Some items of bathroom furniture can be chosen in either left or right handed format to best suit your specific bathroom size and layout: this could be a basin unit, a WC unit, or a combination unit. When buying these items, be careful to choose the correct option for your bathroom.
When the time comes to install your new bathroom furniture, you'll often find that it is flat packed for ease of delivery. As this keeps costs down for the buyer, it should be welcomed; indeed, there is no reason to fear flat pack furniture. All flat pack furniture should come with full assembly instructions, including numbered diagrams, and a list of tools you will need. Some manufacturers will also supply any specific tools you will require to assemble their particular item.
Whether or not you are a competent DIYer, and whether or not you've chosen to hire a professional to plumb in your bathroom components, assembling and fitting bathroom furniture is a job for anyone with a common sense approach and the correct tools.
Begin by turning off the water supply to the bathroom appliances that are to be replaced. You may be able to turn off each appliance in isolation, or you may need to stop the water supply to the entire house. Dismantle and remove old appliances and any old bathroom furniture; fit any new wall coverings or flooring, to ensure a seamless finish and to avoid tricky tiling work around the edges of your new bathroom furniture once it's installed.
Now you can begin installing your new bathroom furniture. Assess the area: your existing pipework should line up with the orientation of your new units: a left hand combination unit, with the toilet on the right and the basin on the left as you look at the unit, will require the pipework for the toilet to be on the right of the pipework for the basin.
Cutting holes in your bathroom furniture to allow access for your water supply and waste pipes is all part of the installation process and - so long plenty of care is taken and measurements are carefully checked - can be undertaken successfully by an amateur. Moving pipework around is a job for a more experienced person, however, so if your pipes are way out of line with your new furniture for whatever reason, it is perhaps best to call in a professional.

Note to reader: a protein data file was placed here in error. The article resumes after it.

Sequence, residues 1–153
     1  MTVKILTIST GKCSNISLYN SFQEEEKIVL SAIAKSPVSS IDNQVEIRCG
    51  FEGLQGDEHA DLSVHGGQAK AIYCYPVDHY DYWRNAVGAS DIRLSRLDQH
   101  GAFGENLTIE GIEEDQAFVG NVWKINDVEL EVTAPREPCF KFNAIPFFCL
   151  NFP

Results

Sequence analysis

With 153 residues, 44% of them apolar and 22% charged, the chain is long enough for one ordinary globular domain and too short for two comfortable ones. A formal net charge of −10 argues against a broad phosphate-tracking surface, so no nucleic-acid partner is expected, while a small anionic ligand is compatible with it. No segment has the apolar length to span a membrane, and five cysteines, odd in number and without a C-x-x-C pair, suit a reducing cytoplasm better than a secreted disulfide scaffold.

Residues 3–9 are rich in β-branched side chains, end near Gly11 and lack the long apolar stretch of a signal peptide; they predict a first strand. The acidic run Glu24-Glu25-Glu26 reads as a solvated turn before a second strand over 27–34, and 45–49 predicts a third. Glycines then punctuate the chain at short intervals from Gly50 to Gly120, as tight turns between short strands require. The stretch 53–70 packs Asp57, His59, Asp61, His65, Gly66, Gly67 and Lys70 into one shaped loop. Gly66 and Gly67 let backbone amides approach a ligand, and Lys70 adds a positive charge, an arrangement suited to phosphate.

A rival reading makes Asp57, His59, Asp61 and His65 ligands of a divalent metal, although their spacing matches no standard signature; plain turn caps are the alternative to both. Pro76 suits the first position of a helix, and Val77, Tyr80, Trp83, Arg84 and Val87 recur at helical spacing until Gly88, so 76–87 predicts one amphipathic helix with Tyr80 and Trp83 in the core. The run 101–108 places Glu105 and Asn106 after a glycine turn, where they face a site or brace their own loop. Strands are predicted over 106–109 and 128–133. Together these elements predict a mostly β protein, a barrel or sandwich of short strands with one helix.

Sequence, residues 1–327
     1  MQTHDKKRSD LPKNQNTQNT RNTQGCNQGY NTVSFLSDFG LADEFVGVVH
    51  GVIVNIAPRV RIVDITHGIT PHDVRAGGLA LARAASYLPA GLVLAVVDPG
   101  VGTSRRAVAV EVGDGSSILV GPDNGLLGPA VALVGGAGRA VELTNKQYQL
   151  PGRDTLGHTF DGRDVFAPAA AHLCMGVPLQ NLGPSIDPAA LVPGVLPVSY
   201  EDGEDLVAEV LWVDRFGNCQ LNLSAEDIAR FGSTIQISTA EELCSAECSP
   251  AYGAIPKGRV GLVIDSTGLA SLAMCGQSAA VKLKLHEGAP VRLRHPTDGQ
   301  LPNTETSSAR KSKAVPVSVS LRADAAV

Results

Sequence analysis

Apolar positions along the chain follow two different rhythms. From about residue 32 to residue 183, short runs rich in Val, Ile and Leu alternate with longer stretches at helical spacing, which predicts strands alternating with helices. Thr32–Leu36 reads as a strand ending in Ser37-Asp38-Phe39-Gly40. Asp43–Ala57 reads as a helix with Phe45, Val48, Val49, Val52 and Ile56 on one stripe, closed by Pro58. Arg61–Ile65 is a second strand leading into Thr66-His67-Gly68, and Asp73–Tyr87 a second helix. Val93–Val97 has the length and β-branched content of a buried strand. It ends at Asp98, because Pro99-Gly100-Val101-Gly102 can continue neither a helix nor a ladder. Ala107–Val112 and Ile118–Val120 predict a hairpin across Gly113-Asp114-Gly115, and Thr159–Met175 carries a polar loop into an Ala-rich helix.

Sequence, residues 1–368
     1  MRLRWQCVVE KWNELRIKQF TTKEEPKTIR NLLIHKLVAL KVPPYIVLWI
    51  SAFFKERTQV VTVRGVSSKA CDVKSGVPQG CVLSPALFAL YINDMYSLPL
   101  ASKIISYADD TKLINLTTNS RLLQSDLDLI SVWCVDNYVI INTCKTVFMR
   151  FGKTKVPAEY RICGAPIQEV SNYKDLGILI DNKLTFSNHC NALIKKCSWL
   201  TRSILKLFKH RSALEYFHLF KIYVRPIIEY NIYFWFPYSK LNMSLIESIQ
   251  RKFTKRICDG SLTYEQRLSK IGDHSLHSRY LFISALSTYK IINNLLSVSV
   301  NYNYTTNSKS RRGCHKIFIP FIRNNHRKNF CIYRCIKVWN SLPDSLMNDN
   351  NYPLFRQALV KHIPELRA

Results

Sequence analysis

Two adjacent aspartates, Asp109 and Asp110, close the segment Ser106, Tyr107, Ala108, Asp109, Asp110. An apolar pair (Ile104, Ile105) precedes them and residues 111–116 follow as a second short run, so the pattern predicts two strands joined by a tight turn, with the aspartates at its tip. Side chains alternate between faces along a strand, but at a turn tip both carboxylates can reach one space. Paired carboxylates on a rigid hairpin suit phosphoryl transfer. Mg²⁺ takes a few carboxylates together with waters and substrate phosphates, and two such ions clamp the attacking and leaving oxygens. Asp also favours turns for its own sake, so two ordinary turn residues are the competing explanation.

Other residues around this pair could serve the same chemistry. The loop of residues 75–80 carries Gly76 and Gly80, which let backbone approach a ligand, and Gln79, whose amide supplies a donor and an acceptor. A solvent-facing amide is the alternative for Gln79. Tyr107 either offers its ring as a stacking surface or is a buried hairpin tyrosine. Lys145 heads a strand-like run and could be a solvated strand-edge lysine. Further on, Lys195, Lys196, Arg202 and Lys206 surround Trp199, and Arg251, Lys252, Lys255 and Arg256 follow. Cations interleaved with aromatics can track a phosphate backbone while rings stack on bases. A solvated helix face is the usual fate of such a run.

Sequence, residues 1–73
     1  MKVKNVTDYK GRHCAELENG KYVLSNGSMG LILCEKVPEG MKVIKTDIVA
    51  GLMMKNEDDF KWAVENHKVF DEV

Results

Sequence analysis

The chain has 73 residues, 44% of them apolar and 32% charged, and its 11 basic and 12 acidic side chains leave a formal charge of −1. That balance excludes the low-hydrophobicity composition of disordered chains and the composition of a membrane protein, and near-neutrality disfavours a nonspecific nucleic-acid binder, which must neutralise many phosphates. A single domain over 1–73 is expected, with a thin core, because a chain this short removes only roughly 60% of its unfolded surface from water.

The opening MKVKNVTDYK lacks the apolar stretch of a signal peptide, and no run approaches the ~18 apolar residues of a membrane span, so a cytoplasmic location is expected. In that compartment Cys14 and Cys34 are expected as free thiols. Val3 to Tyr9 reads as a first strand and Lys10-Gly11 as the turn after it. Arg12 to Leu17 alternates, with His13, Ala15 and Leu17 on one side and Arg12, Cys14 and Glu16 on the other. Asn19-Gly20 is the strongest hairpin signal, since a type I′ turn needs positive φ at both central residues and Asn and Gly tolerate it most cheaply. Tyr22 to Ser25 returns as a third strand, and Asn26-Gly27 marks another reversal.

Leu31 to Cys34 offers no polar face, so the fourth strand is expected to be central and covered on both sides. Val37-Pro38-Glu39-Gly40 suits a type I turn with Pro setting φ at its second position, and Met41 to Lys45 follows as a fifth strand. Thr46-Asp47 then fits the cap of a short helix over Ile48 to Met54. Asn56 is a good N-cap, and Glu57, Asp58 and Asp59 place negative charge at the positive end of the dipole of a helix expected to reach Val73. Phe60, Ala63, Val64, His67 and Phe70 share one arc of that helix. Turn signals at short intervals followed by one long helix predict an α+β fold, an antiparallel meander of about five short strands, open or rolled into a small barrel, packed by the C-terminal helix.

You will need to cut your new furniture to accommodate water supply and waste pipes for the basin, and water supply and waste for the toilet. You may also need to cut a hole for the waste in the surface of your basin unit, if you have bought bathroom furniture for use with a vessel or countertop basin, as this hole may not have been pre-drilled in order to give you more freedom when it comes to positioning your basin.
Whether your bathroom furniture is fitted or freestanding, it will be fixed down in some way, either to the wall or to the floor - if you did not secure it, it could be knocked and shifted along the floor, no matter how heavy it is, and this could damage your plumbing and perhaps cause a serious leak. Check the manufacturer's instructions: these will provide the best guidance on securing your bathroom furniture.
Remember in all cases to double check any measurements you make before you commit to them by drilling a hold: whether the hole is in the furniture or in your bathroom wall, it has the potential to look ugly or prove costly if you drill it in the wrong place by accident.
Similarly, take care when plumbing. You should follow any specific fitting instructions that are provided by the manufacturer of your bathroom furniture or bathroom sanitaryware, and always consult a professional if you feel out of your depth - spending money at the installation stage could save you time and money later on.
Everythingbathroom are pleased to be a preferred supplier of one of the UK's leading distributor ofK-Vit bathroom products.
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